The native Arróniz olive variety is one hallmark of extra virgin olive oils from Navarra and another is their high level of oleic acid – over 72 percent of total fatty acids, according to a Protected Designation of Origin application recently published in the official Journal of the European Union.

Along with Aceite de Lucena, also from Spain, Aceite de Navarra is now in what could be in the final stretch of the long road to EU registration as a PDO product. If there are no objections in the next six months, the new PDOs should be granted.

Aceite de Navarra

Chelo Dolado, secretary of the Aceite de Navarra PDO, told Olive Oil Times this would mark the end of a process that started officially in May 2008, though the area had enjoyed temporary national protection in Spain since then.

According to its PDO application published on October 24, the presence of the Arróniz variety – alone or in a blend with the Empeltre and Arbequina varieties – helps give Aceite de Navarra oils their characteristic yet well balanced bitterness and pungency.

The production area in north-eastern Spain is mostly in the Ebro river valley and ringed west to east by mountains which block humid winds off the Cantabrian coast. This instead allows the influence of the cold and dry Cierzo wind from the north-east.

The combined effect of these climatic conditions, calcareous soils, and early harvesting to avoid early frosts give the oils “extraordinary organoleptic properties, which are characterized by an average fruitiness of over 4,5, with green notes” the application says.

They have a maximum acidity of 0.3 percent and maximum peroxide value of 15meq O2/kg.

Families provide the labor, consume the oil

Olive growing in the area has always featured family labor, and much of the oil is still consumed by the producers themselves. In 2010, the 5,344 hectares of olive cultivation was spread among 19,500 land parcels and more than 8,000 olive growers.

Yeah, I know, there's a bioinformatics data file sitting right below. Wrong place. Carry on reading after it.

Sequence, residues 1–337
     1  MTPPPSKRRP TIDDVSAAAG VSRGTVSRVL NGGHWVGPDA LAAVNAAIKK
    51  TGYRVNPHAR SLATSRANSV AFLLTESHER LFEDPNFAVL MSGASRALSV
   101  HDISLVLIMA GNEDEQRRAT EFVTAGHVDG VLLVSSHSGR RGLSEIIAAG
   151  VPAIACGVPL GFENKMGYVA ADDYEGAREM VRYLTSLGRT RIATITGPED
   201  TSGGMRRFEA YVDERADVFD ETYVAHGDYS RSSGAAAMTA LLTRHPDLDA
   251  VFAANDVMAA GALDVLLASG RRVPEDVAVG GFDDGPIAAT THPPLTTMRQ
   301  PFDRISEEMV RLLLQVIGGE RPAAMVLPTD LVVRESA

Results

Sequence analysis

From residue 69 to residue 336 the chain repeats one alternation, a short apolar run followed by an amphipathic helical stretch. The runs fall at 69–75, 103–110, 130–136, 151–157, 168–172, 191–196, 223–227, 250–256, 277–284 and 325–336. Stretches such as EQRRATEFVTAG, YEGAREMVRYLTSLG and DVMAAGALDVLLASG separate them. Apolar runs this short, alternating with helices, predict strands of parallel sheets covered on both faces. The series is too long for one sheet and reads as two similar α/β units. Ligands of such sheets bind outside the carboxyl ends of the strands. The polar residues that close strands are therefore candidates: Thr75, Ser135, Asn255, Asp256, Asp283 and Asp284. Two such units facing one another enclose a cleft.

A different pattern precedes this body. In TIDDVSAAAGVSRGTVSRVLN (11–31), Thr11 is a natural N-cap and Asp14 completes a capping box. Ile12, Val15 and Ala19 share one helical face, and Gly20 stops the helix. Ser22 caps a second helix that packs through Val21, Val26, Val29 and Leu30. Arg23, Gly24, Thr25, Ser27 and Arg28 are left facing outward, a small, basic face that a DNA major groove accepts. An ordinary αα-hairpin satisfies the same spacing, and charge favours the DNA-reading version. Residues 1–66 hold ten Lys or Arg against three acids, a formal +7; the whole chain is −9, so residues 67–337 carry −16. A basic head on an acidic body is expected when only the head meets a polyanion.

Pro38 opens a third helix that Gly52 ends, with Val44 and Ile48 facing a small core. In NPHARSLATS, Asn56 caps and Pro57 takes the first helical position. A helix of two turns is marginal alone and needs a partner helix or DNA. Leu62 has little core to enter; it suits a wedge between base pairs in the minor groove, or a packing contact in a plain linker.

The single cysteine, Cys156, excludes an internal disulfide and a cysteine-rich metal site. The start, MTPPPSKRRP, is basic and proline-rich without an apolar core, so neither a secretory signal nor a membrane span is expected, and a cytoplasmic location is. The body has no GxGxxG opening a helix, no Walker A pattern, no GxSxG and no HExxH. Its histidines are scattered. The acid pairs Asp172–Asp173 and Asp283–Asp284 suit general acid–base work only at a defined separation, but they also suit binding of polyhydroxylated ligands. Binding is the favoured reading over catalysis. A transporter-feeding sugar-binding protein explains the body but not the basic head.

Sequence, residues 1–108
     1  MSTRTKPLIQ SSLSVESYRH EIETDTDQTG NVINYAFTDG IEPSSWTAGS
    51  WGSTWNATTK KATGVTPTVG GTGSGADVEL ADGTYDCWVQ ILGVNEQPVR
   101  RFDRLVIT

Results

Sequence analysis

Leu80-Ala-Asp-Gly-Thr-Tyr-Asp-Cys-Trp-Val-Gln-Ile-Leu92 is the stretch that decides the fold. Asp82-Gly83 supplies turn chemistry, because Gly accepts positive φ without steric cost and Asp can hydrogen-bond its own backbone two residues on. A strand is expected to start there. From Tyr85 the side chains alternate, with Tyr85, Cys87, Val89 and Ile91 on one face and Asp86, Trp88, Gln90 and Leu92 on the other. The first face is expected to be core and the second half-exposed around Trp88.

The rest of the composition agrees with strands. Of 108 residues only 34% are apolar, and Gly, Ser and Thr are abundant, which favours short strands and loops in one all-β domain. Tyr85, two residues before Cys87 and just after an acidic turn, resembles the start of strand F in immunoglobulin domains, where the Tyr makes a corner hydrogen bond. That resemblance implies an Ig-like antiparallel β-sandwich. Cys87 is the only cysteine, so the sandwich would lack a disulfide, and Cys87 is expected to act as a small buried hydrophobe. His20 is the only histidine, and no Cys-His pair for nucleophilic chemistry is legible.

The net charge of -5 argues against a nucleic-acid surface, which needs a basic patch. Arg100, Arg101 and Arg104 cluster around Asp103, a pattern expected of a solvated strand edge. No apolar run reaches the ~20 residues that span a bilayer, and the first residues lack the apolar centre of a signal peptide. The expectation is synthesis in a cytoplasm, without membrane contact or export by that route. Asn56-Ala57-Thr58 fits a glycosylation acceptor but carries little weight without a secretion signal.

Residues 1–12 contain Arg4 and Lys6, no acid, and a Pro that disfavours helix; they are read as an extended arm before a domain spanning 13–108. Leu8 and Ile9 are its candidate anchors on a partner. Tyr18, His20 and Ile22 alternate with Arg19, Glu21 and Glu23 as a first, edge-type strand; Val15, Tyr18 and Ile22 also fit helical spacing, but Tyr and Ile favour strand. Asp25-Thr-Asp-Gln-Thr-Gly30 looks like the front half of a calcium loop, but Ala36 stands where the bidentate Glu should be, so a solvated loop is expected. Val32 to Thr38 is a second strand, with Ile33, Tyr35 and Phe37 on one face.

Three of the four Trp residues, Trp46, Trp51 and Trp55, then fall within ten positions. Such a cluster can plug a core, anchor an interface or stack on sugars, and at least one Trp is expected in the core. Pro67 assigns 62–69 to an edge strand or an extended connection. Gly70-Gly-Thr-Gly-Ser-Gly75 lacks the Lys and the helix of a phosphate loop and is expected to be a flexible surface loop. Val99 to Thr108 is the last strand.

“Since ancient times, the three varieties of Arróniz, Empeltre and Arbequina have coexisted in percentages that vary from one area to another. In a plot of one of the three varieties, it is very common to find trees of another variety (‘male’ olive trees) interspersed, especially in old fields, in the belief that this favors pollination” the application says.

Aceite de Lucena

Located in the south of the province of Córdoba, the Aceite de Lucena production area is marked by calcium rich soils, cold-temperate winters and hot, dry summers. These factors help produce extra virgins that are rich in polyphenols, according to the PDO application, published on November 16.

Oils from this area are said to have a minimum of 100ppm but average of 350ppm of caffeic acid, acidity of no more than 0.8 but typically between 0.1 and 0.3 percent by volume, and peroxide value of no more than 15meq O2/kg.

Hojiblanca determines the taste

They owe their mild taste and aroma, along with a characteristic almond-like fruitiness, to the Hojiblanca olive, the staple in the area. More than 90 percent of the fruit used to make the oils comes from this variety but others used include Arbequina, Picual, Lechín, Tempranilla, Ocal, Campanile and Chorruo.

The color of the oils is predominantly green and the dominant aroma is freshly cut grass.

“The early harvesting leads to the formation of trans-2-hexenal aldehyde which causes an aroma of green grass to develop provided the process is handled with care, the temperature is not raised, and not much water is used.”

“This also imparts a predominantly green color to the oil, which turns more golden, almost yellowish green as olives are harvested later in the season” the application says.

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